Anyone who thinks the "defense" budget has been slashed, please contact me, I have some good investment opportunities for you, including some notable infrastructure in Brooklyn.

All around, the fabric of peace and order is fraying. The leaders of Russia and Ukraine escalate their apocalyptic rhetoric. The Sunni-Shiite split worsens as Syria and Iraq slide into chaos. China pushes its weight around in the Pacific.

I help teach a grand strategy course at Yale, and I asked my colleagues to make sense of what's going on. Charles Hill, who was a legendary State Department officer before going to Yale, wrote back:

"The 'category error' of our experts is to tell us that our system is doing just fine and proceeding on its eternal course toward ever-greater progress and global goodness. This is whistling past the graveyard.

"The lesson-category within grand strategic history is that when an established international system enters its phase of deterioration, many leaders nonetheless respond with insouciance, obliviousness, and self-congratulation. When the wolves of the world sense this, they, of course, will begin to make their moves to probe the ambiguities of the aging system and pick off choice pieces to devour at their leisure.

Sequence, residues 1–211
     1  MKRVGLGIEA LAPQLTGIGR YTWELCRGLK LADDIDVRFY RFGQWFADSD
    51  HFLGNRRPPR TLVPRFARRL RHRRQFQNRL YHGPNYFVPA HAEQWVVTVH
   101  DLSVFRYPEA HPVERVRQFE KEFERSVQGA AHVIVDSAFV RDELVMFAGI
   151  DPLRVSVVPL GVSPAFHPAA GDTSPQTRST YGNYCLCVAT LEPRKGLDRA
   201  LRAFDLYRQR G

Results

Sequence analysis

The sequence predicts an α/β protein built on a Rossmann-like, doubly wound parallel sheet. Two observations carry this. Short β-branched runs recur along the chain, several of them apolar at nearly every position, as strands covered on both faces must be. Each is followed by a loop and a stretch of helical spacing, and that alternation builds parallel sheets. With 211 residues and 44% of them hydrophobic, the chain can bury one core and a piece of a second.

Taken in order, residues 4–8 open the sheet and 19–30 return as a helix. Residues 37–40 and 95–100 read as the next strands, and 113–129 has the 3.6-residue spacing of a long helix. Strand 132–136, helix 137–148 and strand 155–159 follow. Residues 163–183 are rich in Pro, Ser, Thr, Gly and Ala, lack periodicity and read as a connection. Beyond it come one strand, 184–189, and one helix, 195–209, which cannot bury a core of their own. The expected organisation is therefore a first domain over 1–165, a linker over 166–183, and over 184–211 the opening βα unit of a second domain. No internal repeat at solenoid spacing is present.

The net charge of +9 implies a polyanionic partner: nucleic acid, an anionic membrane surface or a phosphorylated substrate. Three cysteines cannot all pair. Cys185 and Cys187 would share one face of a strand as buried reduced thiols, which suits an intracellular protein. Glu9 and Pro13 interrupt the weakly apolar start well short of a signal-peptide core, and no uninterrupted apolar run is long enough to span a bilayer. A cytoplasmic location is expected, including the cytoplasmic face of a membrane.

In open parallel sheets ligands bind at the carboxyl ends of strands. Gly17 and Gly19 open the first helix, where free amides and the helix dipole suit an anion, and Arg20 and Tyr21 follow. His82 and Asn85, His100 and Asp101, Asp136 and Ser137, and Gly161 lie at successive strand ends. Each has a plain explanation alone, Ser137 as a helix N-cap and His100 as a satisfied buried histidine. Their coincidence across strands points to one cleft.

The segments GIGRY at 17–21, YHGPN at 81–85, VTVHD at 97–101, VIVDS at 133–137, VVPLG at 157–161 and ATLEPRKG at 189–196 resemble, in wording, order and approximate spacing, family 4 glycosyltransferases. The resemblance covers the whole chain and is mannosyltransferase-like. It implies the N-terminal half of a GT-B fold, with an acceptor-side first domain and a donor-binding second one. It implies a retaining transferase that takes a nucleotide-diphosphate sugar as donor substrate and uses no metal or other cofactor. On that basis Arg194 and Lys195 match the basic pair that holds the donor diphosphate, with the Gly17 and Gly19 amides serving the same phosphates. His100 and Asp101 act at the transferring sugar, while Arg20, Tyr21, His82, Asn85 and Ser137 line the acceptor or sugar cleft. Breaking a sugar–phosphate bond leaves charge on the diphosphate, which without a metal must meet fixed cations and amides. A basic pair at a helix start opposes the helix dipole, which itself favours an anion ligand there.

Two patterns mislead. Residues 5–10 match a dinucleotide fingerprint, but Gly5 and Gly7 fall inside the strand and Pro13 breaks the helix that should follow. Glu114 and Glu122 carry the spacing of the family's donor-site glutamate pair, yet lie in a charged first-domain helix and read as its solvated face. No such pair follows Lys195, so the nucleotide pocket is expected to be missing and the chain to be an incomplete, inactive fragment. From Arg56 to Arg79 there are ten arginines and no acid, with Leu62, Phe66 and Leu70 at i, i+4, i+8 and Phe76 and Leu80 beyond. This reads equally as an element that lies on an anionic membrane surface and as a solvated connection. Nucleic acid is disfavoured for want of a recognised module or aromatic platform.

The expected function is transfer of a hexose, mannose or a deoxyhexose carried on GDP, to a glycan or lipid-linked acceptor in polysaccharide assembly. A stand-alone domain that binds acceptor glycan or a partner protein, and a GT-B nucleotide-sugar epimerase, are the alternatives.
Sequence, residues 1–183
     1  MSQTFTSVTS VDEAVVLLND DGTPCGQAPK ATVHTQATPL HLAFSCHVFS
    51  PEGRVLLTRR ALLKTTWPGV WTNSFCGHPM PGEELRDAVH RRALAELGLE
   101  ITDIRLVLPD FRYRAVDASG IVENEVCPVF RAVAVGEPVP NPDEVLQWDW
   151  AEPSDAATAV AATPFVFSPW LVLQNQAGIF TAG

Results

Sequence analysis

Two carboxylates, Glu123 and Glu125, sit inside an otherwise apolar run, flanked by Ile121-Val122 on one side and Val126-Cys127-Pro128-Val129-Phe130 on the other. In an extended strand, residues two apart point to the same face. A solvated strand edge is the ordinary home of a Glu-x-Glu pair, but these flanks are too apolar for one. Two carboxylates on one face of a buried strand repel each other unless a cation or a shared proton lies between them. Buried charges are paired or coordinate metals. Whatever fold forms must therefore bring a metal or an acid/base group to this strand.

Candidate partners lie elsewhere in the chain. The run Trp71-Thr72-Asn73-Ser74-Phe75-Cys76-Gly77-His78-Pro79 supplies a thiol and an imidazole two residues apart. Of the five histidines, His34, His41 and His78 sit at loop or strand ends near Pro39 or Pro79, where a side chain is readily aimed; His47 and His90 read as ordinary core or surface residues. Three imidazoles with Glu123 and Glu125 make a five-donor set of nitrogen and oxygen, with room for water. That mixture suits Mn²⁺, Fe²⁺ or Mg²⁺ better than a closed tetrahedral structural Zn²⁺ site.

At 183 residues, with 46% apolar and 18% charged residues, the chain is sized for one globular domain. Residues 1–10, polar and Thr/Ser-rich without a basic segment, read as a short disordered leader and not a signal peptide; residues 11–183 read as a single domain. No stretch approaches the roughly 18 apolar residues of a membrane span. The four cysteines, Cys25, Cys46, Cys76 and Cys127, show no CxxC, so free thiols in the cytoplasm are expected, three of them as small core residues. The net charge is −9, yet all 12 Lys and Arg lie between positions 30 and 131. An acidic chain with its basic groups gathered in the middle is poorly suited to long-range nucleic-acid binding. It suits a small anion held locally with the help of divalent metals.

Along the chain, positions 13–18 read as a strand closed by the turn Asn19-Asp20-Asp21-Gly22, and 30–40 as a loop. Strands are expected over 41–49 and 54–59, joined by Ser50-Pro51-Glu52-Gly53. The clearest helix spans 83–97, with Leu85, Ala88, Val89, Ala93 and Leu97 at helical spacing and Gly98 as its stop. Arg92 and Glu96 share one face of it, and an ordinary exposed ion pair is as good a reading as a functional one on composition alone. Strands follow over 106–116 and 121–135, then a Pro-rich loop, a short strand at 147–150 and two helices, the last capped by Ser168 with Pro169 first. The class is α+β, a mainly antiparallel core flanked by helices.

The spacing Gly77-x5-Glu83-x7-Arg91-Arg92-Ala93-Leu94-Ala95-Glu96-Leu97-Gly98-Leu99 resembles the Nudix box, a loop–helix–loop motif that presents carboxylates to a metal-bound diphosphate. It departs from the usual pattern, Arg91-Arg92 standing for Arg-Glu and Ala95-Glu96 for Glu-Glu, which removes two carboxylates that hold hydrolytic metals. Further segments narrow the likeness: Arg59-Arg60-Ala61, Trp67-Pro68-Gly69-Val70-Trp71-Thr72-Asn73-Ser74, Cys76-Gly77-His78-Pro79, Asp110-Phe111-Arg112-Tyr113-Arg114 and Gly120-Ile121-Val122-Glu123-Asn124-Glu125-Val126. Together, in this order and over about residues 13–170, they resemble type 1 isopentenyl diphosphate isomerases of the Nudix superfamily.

"This is what Putin is doing; this is what China has been moving toward doing in the maritime waters of Asia; this is what in the largest sense the upheavals of the Middle East are all about: i.e., who and what politico-ideological force will emerge as hegemon over the region in the new order to come. The old order, once known as 'the American Century' has been situated within 'the modern era,' an era which appears to be stalling out after some 300-plus years. The replacement era will not be modern and will not be a nice one."

When Hill talks about the modern order he is referring to a state system that restrained the two great vices of foreign affairs: the desire for regional dominance and the desire to eliminate diversity. Throughout recorded history, large regional powers have generally gobbled up little nations. Powerful people have generally tried to impose their version of the Truth on less powerful people.

But, over these centuries, civilized leaders have banded together to restrain these vices. As far back as the Treaty of Westphalia in 1648, dominant powers tried to establish procedures and norms to secure national borders and protect diversity. Hegemons like the Nazis or the Communists tried to challenge this system, but the other powers fought back.